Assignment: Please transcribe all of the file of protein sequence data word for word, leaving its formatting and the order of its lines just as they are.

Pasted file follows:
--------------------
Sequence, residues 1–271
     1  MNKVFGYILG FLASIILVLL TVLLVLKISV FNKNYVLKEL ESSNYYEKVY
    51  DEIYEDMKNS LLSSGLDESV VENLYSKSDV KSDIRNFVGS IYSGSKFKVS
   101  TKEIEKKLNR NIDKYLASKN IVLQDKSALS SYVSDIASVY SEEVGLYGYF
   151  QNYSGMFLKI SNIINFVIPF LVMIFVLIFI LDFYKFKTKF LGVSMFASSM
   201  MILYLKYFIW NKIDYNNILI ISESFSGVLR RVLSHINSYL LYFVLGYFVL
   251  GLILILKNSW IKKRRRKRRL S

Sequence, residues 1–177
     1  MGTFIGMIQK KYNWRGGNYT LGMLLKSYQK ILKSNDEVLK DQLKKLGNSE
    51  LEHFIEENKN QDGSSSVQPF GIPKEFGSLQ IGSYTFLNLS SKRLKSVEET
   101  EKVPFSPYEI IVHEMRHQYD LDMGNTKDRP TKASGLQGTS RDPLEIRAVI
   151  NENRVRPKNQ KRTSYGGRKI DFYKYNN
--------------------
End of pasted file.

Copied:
Sequence, residues 1–271
     1  MNKVFGYILG FLASIILVLL TVLLVLKISV FNKNYVLKEL ESSNYYEKVY
    51  DEIYEDMKNS LLSSGLDESV VENLYSKSDV KSDIRNFVGS IYSGSKFKVS
   101  TKEIEKKLNR NIDKYLASKN IVLQDKSALS SYVSDIASVY SEEVGLYGYF
   151  QNYSGMFLKI SNIINFVIPF LVMIFVLIFI LDFYKFKTKF LGVSMFASSM
   201  MILYLKYFIW NKIDYNNILI ISESFSGVLR RVLSHINSYL LYFVLGYFVL
   251  GLILILKNSW IKKRRRKRRL S

Sequence, residues 1–177
     1  MGTFIGMIQK KYNWRGGNYT LGMLLKSYQK ILKSNDEVLK DQLKKLGNSE
    51  LEHFIEENKN QDGSSSVQPF GIPKEFGSLQ IGSYTFLNLS SKRLKSVEET
   101  EKVPFSPYEI IVHEMRHQYD LDMGNTKDRP TKASGLQGTS RDPLEIRAVI
   151  NENRVRPKNQ KRTSYGGRKI DFYKYNN